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March 2010, Week 1


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Michael Curtin <[log in to unmask]>
Reply To:
Film and TV Studies Discussion List <[log in to unmask]>
Mon, 1 Mar 2010 14:26:21 -0800
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>> The American Television Industry
>> Michael Curtin and Jane Shattuc
>> In an age of proliferating choices, television nevertheless remains  
>> the most popular medium in the United States. Americans spend more  
>> time with TV than ever before, and many 'new media' forms, such as  
>> blu-ray movies, Hulu videos, and Internet widgets, are produced and  
>> delivered by the world's most lucrative and powerful television  
>> industry. Yet that industry has undergone profound changes since  
>> the 1980s, moving from a three-network oligopoly to a sprawling  
>> range of channels and services dominated by a handful of major  
>> conglomerates. Viewers can now access hundreds of channels at all  
>> hours of the day and can search and select from hundreds of  
>> thousands of individual programs on video and Internet services.  
>> This diversity has fragmented the size of television audiences and  
>> transformed relationships between viewers and television companies.  
>> Unlike the first fifty years of television, today's industry  
>> leaders can no longer rely on mass audiences and steady revenue  
>> flows from big-budget advertisers, and this in turn affects their  
>> programming and production strategies.
>> The American Television Industry offers a concise and accessible  
>> introduction to TV production, programming, advertising and  
>> distribution. Michael Curtin and Jane Shattuc outline how programs  
>> are made and marketed, and provide an insightful overview of key  
>> players, practices and future trends. Although star-driven dramas  
>> and comedies continue to attract a great deal of critical praise  
>> and audience attention, television is increasingly characterized by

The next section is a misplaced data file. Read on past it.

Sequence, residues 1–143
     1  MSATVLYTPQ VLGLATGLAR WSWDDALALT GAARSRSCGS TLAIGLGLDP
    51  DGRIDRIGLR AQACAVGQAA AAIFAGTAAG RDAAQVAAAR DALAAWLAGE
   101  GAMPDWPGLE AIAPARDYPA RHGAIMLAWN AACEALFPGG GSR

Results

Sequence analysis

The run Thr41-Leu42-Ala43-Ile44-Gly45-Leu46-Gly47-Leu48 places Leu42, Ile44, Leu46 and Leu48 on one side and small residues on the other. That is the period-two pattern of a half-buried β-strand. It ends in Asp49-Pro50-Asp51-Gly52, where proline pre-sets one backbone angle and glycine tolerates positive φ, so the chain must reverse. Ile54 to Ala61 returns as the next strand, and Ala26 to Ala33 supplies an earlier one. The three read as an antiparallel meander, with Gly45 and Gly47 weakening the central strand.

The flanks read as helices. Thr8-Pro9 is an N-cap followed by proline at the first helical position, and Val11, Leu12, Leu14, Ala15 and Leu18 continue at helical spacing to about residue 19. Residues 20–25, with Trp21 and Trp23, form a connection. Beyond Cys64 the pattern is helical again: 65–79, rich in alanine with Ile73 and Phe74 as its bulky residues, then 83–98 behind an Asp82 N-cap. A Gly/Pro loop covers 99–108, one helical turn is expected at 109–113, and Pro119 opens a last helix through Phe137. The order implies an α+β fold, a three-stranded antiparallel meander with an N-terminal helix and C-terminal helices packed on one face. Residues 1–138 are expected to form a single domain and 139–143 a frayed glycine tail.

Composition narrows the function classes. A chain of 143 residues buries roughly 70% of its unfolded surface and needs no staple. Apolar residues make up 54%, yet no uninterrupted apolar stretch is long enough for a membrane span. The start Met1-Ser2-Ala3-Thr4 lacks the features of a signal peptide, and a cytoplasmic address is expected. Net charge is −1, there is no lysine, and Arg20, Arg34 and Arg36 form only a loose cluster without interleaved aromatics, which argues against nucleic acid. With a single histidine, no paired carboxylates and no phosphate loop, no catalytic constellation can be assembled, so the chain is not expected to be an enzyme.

>> niche programming services that, with modest production budgets,  
>> compete for audience attention. In this environment, reality TV  
>> genres have emerged as attractive programming alternatives for  
>> cable services such as the History Channel and the Food Network.  
>> Moreover, programming is increasingly delivered on an a la carte,  
>> on-demand basis to a diverse array of viewing devices, such as  
>> iPods and cell phones.
>> The book analyses the corporate strategies, technological  
>> innovations and cultural transformations that have driven changes  
>> in industry strategy, discourse and practice. Making reference to  
>> numerous case examples, the authors identify definitive trends and  
>> describe key players in industry and government. These are indeed  
>> vibrant but unstable times for the American television industry and  
>> this volume explains the major forces that will shape the future of  
>> the medium in North America and around the world.
>> MICHAEL CURTIN is the Mellichamp Professor of Global Media in the  
>> Department of Film and Media Studies at University of California,  
>> Santa Barbara The author of Redeeming the Wasteland: Television  
>> Documentary and Cold War Politics (Rutgers, 1996) and Playing to  
>> the World's Largest Audience: The Globalization of Chinese Film and  
>> TV (University of California Press, 2008), he is also Director of  
>> Global Studies and Associate Director of the UW International  
>> Institute.
>> JANE SHATTUC is Professor of Visual and Media Arts at Emerson  
>> College in Boston. She has written primarily about American and  
>> European television industries and how their aesthetic and  
>> industrial forms relate to class and gender. Her books include:  
>> Television, Tabloids, Tears: Fassbinder and Popular Culture  
>> (Minneapolis: University of Minnesota Press, 1995) and The Talking  
>> Cure: TV Talk Shows and Women (New York: Routledge, 1997). She co- 
>> edited Hop on Pop: the Politics and Pleasures of Popular Culture  
>> (Durham: Duke University Press, 2002) with Henry Jenkins and Tara  
>> McPherson.

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